LAWRENCE — Unexpected results from an ongoing experiment in the lab of Kristi Neufeld, co-leader of the Cancer Biology Program at the University of Kansas Cancer Center, led to a potentially important discovery that could have an effect on how cancer researchers test anti-cancer therapies in mice as well as possibly prevent colon cancer in people.
Neufeld, associate professor in the Department of Molecular Biosciences, studies the adenomatous polyposis coli protein, which protects against colon cancer. Many of her experiments involve testing mice with APC mutations, which cause colon cancer, and seeing if any new drug compounds will work against the mutations.
While doing one of these experiments a few years ago, Neufeld’s team discovered that some mice weren’t developing colon tumors like mice with APC mutations normally do. The mice with fewer tumors could not be used to test drugs; however, Maged Zeineldin, a postdoctoral fellow working in Neufeld’s lab, didn’t want to let the research go to waste. They further explored the cause of this unexpected tumor decrease and reported their results in the August issue of Genetics.
Neufeld’s lab discovered why these strains of mice were developing fewer tumors — they had a quirk in a genetic modifier called Pla2g2a that turned out to be protecting them from tumors. They suspected that outbred nude mice, which are commonly used to grow tumors from human cancer cells for anti-tumor drug testing, would also have alterations in Pla2g2a that can affect tumor growth.
“We’re thinking maybe this variation could affect other tumorigenicity studies as well,” Neufeld said. “If you’re injecting a nude mouse with a human colon cancer cell and you don’t know whether the Pla2g2a alteration is there or not, it could potentially change the outcome of the experiment.”
Neufeld now will screen her mice for this Pla2g2a polymorphism and hopes to make other cancer researchers, especially those who test new drug therapies, aware of how genetic modifiers alter the results of an experiment.
“We think this is really important because if someone injects cancer cells, grows a tumor and then injects a compound to see if it treats the cancer, you don’t know if what you’re seeing is a result of the actual test compound or if it was affected by the differences in genes in these outbred nude mice,” she said.
Though this work was a side project from her concentration on the APC protein, Neufeld hopes to collaborate with another lab to determine whether this genetic modifier is something that would have a similar effect in humans. Would the overexpression of Pla2g2a prevent tumors from forming in a human colon? Would it be as simple as infecting the gut with bacteria that expresses the Pla2g2a alteration?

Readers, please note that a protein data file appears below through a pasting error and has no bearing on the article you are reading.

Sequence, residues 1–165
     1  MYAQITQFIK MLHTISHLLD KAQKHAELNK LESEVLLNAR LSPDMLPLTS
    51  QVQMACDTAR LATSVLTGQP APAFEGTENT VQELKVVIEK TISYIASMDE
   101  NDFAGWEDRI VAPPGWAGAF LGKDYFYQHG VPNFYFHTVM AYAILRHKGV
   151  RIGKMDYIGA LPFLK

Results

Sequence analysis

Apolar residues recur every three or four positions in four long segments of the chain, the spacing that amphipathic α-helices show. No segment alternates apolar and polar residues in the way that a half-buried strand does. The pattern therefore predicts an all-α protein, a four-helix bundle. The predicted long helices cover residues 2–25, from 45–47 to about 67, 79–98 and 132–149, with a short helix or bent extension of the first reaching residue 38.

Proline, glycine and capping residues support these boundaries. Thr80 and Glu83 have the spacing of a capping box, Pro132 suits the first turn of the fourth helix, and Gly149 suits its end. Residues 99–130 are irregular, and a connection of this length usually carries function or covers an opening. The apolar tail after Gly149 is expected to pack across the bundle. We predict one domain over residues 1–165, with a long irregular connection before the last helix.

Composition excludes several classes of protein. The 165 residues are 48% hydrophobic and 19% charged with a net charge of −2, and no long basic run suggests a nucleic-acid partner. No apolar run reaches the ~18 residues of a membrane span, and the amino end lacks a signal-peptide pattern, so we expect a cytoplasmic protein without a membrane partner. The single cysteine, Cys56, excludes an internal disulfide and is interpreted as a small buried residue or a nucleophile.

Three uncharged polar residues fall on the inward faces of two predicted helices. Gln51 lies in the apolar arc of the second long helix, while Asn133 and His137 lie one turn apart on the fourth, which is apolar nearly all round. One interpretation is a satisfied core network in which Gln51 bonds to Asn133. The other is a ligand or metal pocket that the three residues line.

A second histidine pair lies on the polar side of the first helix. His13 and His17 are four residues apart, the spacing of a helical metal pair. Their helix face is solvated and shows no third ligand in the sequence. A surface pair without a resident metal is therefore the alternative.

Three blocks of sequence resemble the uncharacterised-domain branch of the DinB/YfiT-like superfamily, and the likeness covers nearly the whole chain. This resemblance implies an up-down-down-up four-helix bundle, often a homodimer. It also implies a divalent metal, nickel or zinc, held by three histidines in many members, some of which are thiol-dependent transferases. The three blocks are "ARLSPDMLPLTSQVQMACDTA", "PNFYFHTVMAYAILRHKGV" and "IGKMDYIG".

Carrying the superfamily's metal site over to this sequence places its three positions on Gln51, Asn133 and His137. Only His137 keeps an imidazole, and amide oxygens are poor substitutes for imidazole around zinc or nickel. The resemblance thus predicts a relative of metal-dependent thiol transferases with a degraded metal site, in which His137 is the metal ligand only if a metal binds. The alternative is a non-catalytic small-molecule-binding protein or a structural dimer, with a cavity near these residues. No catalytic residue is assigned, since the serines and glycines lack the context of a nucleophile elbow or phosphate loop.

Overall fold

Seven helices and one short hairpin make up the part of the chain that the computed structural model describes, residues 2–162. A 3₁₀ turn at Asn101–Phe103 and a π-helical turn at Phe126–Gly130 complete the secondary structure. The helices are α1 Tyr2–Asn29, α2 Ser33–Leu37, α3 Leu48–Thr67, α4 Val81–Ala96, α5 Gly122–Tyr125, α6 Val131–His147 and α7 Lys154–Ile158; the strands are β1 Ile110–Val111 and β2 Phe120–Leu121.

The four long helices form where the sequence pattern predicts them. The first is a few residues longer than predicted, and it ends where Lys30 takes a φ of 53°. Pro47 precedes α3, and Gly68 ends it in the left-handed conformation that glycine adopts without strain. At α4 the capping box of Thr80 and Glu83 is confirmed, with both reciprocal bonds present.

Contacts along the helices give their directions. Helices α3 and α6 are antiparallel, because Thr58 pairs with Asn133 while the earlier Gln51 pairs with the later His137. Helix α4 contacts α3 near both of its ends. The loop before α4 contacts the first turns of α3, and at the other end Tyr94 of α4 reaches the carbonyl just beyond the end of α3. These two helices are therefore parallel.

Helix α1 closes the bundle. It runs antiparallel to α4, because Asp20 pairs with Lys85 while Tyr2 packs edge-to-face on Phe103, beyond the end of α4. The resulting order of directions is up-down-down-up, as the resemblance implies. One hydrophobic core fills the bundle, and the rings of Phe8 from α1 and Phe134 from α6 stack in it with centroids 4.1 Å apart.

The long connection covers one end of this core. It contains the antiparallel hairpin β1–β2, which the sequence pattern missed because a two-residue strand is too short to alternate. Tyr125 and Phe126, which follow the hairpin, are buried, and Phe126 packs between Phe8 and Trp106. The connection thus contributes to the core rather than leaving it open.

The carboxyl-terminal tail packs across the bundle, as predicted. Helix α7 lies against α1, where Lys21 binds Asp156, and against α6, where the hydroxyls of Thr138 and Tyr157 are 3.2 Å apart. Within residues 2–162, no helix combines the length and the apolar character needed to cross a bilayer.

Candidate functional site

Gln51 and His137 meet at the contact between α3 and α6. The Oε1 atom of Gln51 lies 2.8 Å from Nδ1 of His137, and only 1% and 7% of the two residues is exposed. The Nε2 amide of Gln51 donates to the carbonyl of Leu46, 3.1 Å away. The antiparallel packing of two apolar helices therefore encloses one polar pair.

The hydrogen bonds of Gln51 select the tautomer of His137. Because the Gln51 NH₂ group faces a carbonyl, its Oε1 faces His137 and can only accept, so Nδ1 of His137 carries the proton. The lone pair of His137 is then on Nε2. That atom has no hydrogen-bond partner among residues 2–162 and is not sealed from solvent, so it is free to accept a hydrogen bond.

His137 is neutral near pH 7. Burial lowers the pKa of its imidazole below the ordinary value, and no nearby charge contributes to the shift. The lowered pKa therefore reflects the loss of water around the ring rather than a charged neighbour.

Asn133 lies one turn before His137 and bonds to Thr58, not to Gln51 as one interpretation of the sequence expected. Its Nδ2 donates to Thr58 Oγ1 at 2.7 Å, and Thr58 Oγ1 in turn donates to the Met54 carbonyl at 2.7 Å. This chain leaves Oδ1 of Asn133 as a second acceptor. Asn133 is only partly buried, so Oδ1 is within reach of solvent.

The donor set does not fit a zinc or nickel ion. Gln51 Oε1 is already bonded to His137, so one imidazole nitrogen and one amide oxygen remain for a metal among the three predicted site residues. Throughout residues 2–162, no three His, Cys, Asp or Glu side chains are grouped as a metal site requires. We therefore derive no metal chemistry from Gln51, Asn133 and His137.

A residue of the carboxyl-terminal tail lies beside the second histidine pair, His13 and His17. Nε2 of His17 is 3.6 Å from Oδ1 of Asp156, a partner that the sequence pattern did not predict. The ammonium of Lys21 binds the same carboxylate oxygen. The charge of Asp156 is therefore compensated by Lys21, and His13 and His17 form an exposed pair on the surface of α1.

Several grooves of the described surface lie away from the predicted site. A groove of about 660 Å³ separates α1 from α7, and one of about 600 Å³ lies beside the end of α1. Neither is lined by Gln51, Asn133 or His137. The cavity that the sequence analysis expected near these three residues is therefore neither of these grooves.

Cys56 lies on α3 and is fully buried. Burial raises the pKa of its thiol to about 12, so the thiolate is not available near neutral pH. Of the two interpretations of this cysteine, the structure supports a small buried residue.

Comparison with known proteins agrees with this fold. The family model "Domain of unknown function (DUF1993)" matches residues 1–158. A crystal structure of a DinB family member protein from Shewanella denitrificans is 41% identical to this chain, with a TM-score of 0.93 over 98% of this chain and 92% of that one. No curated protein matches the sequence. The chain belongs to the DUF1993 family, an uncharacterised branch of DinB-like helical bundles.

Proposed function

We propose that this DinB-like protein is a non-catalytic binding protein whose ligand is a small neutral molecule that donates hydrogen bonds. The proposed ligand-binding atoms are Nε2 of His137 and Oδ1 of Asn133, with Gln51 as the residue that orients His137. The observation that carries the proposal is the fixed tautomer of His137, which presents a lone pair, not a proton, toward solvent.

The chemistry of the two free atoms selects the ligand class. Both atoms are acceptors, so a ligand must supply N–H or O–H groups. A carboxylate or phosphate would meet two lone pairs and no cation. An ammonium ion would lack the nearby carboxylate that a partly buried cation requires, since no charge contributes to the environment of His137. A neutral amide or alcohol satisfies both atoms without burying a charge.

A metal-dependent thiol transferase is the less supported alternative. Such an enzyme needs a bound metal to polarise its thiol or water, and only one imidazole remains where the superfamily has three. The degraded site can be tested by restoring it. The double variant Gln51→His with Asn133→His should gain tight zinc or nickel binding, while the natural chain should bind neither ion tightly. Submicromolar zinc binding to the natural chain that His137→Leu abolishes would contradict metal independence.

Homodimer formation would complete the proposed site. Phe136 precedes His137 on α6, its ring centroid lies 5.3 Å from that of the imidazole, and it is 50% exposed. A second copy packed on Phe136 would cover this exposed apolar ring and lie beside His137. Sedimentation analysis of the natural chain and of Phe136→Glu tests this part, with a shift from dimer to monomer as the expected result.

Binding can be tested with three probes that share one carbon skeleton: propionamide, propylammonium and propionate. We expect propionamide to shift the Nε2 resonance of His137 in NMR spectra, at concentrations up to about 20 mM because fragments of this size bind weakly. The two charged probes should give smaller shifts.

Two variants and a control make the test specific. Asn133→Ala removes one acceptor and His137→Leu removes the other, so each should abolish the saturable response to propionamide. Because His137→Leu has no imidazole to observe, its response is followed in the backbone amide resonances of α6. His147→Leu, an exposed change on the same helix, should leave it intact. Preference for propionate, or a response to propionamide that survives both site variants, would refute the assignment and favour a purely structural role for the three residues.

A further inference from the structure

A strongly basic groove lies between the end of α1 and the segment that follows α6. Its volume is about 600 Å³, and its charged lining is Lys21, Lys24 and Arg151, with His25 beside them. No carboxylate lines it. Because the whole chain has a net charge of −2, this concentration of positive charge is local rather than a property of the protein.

Though the answers to those questions are likely many years away, discoveries like this could potentially aid in preventing cancer or screening for a modifier that could affect whether someone is at risk for colon cancer. Perhaps doctors will someday screen for the absence or presence of the Pla2g2a alteration like they do for the BRCA or HER2 genes, but first researchers would have to see if the Pla2g2a alteration helps to prevent tumors like it did in the mice, according to Neufeld.
“We would want to figure out if simply expressing the Pla2g2a would be enough in humans to have the same protective properties,” Neufeld said. “We were just trying to salvage something from our original experiment, but it turned out to be a lot more interesting. I think the lesson is that if you have the time, sometimes following through on things that don’t make sense really pays off.”
She noted seeing large variability in results has likely happened before in numerous cancer experiments, but researchers often see these mice as outliers and remove them from the experiment all together rather than try to determine the potential effect of genetic modifiers on this variability.
Genetic modifiers are changes in a gene which result in the modification of another gene’s function. For example, if a person’s hair color is the A allele (one variant of a gene) and the shade of a person’s hair is controlled by the C allele, the C allele doesn’t mask the effect of the A allele but rather just changes how it’s expressed. A person could have light brown hair or dark brown hair, depending on whether the dominant or recessive allele is expressed. In the case of Plag2ga, the mice either have two sensitive or resistant alleles, or one of each.
To confirm that the Pla2g2a modifier did indeed play a role in whether the outbred nude mice formed colon tumors, Neufeld’s team injected mice with colon cancer cells to see if tumors would form and screened them for the Pla2g2a alteration.
“What we found is that the formation of tumors correlated with the presence or absence of these resistant alleles,” Neufeld said. “Mice with resistant alleles (the Pla2g2a alteration) had fewer tumors than the ones with the sensitive alleles.”
This is only one change in one genetic modifier—there are hundreds of others that have yet to be identified that could be affecting cancer research experiments and influence prevention and treatment options in the future.
“There are so many genetic modifiers. Any change to these modifiers can affect many other things, therefore, many gene alterations could potentially have an effect on cancer,” Neufeld said. “Even in the case of Pla2g2a, it’s not clear why it protects against these tumors. It’s still something we have to figure out.”
— This news release is based on a story by Erinn Connor that originally appeared at www.kucancercenter.org.